The inhabitants of Dalmatia at last discovered the secret of the holy building; for, as the frequent removal of the house became known, they immediately supposed that it must be the little chapel that had been taken away from them. Hence, crossing the sea, they came to the place where the Holy House stood, and recognizing it, they wept bitterly that they had lost it. After this they related to the inhabitants of Recanati how sacred this little house was and how greatly honored by the Almighty; who had lived in it; how sacred the mysteries which had taken place in it; and how they had come to this knowledge. All present were greatly amazed at these words, and prostrating themselves, they gave humble thanks to God, and held the house in great honor. But in order to leave nothing undone to arrive at all the facts of so miraculous an event, the inhabitants of Recanati sent a special deputation, first to Dalmatia, and thence to Nazareth in Galilee, to investigate the truth of all that had been told them with regard to the little chapel. At the return of the deputation, there was no longer any doubt that the house or chapel was the sacred dwelling in which the Virgin Mother had been born; where she had received the greeting of the Angel, and where the only Son of God had become man. Another deputation, which was sent for the same purpose some years later, by Pope Clement VII., after having carefully examined, both in Dalmatia and at Nazareth, the above facts, attested the perfect truth of the same. It may be said that there is not a fact to be found in the history of the Church, which has been more thoroughly investigated than this one.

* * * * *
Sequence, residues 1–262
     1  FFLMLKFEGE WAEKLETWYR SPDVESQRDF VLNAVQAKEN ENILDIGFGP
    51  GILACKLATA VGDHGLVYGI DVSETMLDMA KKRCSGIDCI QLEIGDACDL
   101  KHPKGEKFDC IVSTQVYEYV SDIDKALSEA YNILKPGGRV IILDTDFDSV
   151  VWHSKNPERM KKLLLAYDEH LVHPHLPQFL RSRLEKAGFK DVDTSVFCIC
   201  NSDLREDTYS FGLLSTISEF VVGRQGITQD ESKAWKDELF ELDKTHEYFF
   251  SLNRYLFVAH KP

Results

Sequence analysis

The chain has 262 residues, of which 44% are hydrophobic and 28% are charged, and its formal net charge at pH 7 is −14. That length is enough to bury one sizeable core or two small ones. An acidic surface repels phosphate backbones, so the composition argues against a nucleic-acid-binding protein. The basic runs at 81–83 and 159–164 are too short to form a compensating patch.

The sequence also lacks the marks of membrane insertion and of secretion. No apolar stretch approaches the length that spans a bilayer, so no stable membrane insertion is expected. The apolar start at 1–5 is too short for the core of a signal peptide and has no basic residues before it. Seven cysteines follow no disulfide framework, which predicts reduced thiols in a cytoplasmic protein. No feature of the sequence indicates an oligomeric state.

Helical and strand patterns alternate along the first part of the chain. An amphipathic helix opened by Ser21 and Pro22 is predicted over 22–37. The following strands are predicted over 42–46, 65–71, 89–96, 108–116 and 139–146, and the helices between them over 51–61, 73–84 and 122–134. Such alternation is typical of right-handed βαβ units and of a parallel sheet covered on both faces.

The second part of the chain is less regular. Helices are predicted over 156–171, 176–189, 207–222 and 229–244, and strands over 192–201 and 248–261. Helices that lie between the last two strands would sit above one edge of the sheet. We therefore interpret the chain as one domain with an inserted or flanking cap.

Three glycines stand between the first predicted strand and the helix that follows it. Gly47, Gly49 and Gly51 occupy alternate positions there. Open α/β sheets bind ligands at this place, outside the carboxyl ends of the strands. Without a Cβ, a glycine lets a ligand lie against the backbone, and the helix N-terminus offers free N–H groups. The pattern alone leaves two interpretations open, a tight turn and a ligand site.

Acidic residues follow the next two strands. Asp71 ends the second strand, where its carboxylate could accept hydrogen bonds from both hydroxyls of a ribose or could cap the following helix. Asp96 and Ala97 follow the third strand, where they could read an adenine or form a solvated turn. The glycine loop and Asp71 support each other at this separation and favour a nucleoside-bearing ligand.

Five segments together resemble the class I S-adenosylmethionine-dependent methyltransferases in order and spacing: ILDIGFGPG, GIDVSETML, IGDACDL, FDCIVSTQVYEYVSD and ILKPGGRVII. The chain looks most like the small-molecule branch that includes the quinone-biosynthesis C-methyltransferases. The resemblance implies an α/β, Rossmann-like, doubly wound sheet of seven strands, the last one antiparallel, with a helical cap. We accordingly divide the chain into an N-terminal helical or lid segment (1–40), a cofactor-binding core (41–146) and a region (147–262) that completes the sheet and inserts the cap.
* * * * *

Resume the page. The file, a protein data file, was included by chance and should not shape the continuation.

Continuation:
PRACTICAL CONSIDERATIONS.